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Globalization (or globalisation—see spelling differences) is the process of international integration arising from the interchange of world views, products, ideas, and other aspects of culture. Put in simple terms, globalization refers to processes that increase world-wide exchanges of national and cultural resources. Advances in transportation and telecommunications infrastructure, including the rise of the Internet, are major factors in globalization, generating further interdependence of economic and cultural activities.

Humans have interacted over long distances for thousands of years. The overland Silk Road that connected Asia, Africa, and Europe is a good example of the transformative power of translocal exchange that existed in the "Old World". Philosophy, religion, language, the arts, and other aspects of culture spread and mixed as nations exchanged products and ideas. In the 15th and 16th centuries, Europeans made important discoveries in their exploration of the oceans, including the start of transatlantic travel to the "New World" of the Americas. Global movement of people, goods, and ideas expanded significantly in the following centuries. Early in the 19th century, the development of new forms of transportation (such as the steamship and railroads) and telecommunications that "compressed" time and space allowed for increasingly rapid rates of global interchange. In the 20th century, road vehicles, intermodal transport, and airlines made transportation even faster. The advent of electronic communications, most notably mobile phones and the Internet, connected billions of people in new ways by the beginning of the 21st century.

The term globalization has been in increasing use since the mid-1980s and especially since the mid-1990s. In 2000, the International Monetary Fund (IMF) identified four basic aspects of globalization: trade and transactions, capital and investment movements, migration and movement of people, and the dissemination of knowledge. Further, environmental challenges such as climate change, cross-boundary water and air pollution, and over-fishing of the ocean are linked with globalization. Globalizing processes affect and are affected by business and work organization, economics, socio-cultural resources, and the natural environment.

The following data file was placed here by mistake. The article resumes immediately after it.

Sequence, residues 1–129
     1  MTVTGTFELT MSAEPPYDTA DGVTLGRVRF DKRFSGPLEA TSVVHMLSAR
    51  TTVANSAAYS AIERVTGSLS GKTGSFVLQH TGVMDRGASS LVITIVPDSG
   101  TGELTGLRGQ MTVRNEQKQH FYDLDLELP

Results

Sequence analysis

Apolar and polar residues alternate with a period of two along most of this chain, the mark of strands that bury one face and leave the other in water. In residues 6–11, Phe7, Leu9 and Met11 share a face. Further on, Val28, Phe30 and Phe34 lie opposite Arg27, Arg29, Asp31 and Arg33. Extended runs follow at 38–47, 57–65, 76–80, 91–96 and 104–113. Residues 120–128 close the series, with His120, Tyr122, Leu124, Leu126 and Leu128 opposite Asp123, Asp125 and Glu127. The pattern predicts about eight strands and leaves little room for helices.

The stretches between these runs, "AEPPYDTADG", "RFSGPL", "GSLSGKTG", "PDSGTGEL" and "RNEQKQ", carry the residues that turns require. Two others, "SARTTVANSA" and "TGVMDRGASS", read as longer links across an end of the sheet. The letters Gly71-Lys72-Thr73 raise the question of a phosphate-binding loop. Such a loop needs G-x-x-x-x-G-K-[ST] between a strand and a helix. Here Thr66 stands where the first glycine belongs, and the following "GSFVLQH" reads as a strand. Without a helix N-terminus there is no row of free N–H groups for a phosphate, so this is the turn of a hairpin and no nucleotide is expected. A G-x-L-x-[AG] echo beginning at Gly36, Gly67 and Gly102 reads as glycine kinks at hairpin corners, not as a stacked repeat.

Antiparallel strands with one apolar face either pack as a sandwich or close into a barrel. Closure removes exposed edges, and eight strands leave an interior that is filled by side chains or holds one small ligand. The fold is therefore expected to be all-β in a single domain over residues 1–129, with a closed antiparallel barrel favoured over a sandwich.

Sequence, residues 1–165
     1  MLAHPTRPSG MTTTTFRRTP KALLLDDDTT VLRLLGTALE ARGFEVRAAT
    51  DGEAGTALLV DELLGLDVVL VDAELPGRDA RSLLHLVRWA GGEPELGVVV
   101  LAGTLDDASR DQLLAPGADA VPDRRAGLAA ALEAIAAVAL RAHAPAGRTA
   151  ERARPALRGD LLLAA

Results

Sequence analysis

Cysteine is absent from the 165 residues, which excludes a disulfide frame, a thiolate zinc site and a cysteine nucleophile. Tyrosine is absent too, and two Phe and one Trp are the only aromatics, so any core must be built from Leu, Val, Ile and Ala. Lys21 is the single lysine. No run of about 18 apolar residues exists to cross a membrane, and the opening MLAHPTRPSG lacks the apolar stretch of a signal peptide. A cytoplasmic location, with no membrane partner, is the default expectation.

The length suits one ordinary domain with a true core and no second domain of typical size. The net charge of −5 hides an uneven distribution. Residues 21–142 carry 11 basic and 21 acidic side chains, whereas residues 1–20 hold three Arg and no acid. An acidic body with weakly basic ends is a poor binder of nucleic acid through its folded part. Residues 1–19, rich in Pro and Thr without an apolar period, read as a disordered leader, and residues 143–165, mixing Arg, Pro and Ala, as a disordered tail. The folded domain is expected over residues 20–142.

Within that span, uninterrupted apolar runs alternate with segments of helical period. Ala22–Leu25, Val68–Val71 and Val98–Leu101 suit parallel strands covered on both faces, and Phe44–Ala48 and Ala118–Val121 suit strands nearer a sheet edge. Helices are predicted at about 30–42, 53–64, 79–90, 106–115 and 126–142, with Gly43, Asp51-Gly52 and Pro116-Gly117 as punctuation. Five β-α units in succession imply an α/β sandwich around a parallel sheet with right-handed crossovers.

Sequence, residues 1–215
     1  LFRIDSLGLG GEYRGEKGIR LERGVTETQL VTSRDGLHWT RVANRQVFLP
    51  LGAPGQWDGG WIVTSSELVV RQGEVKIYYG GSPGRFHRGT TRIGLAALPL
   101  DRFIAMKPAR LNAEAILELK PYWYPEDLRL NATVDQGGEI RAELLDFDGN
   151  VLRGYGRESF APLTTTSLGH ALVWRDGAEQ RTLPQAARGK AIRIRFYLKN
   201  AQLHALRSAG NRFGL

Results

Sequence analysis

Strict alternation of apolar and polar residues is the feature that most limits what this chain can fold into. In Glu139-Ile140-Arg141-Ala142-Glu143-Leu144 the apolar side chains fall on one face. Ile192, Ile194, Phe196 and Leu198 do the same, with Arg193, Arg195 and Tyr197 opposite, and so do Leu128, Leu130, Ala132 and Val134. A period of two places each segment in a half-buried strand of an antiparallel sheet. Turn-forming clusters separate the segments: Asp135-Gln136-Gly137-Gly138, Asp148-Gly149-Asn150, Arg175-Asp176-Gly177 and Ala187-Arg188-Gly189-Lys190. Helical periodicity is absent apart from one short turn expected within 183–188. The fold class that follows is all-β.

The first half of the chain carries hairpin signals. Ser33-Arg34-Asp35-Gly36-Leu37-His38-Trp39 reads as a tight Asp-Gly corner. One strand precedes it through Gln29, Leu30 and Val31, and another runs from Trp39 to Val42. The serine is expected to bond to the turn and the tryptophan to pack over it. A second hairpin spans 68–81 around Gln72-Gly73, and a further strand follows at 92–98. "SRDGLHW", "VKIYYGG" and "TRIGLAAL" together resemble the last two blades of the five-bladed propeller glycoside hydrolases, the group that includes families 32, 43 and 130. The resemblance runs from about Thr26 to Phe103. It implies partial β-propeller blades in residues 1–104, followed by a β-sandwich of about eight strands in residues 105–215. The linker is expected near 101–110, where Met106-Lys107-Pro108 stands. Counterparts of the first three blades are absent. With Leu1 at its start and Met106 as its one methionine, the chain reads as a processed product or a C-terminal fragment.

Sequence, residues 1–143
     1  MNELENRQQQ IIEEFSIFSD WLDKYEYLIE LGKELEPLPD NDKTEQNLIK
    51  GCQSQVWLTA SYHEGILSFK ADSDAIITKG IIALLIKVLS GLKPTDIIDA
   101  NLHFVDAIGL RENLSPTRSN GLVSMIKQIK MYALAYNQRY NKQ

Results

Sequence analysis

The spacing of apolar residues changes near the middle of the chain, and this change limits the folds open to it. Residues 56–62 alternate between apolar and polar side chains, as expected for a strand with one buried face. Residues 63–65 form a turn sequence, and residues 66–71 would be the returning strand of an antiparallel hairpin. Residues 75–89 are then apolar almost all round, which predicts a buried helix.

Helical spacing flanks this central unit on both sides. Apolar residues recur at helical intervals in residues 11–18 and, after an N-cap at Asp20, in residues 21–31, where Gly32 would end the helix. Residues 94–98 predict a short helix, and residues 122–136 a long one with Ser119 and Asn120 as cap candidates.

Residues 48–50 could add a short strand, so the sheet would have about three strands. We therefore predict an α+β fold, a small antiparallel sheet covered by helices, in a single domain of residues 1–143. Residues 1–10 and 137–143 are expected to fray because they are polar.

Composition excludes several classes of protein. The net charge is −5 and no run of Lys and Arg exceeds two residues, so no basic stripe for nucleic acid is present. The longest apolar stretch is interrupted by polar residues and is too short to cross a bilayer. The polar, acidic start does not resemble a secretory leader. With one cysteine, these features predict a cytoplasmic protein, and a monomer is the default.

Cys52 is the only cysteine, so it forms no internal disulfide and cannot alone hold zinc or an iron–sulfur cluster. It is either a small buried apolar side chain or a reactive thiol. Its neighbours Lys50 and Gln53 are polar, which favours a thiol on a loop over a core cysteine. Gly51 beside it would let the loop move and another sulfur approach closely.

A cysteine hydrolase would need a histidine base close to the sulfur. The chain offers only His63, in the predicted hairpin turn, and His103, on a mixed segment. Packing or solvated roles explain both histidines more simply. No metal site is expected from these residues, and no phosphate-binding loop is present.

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Jagdish N. Bhagwati Professor Jagdish pa Columbia University talar vid invigningen av Nordiskt globaliseringsforum i Riksgransen 2008-04-02
Jagdish Natwarlal Bhagwati
B. 1934

Jagdish Bhagwati is an American economist and professor of economics and law at Columbia University. He is well known for his research in international trade and for his advocacy of free trade. Bhagwati was born into a Gujarati family in the Bombay Presidency during the British Raj, and graduated from Sydenham College, Mumbai. He then went with "senior status" to read over two years for the BA in Economics at Cambridge (as did colleague and Nobel Laureate Amartya Sen who was at Trinity College) where he was a member of St. John's College, Cambridge and received the degree in 1956. Bhagwati's experience at St John's College joined that of other eminent Indian economists including Sir Partha Dasgupta and Indian Prime Minister Manmohan Singh. He received the Ph.D. in Economics from the Massachusetts Institute of Technology in 1967. He has received a number of awards and, in 2006, was a member of the Panel of Eminent Persons who reviewed the work of the United Nations Conference on Trade and Development (UNCTAD). In early 2010, Bhagwati joined the advisory board of the institute for migrant rights, Cianjur - Indonesia.

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Coca-Cola does Chinese New Year

A Coca-Cola stall outside the Grand Gateway 66 shopping mall in Xujiahui, Shanghai. Cultural globalization has increased cross-cultural contacts but may be accompanied by a decrease in the uniqueness of once-isolated communities.

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Of the factors influencing the duration of economic growth in both developed and developing countries, income equality has a more beneficial impact than trade openness, sound political institutions, and foreign investment.
Economic globalization is the increasing economic interdependence of national economies across the world through a rapid increase in cross-border movement of goods, service, technology, and capital. Whereas globalization is centered around the rapid development of science and technology and increasing cross-border division of labor, economic globalization is propelled by the rapid growing significance of information in all types of productive activities and marketization, and the advance of science and technologies. Depending on the paradigm, economic globalization can be viewed as either a positive or a negative phenomenon.

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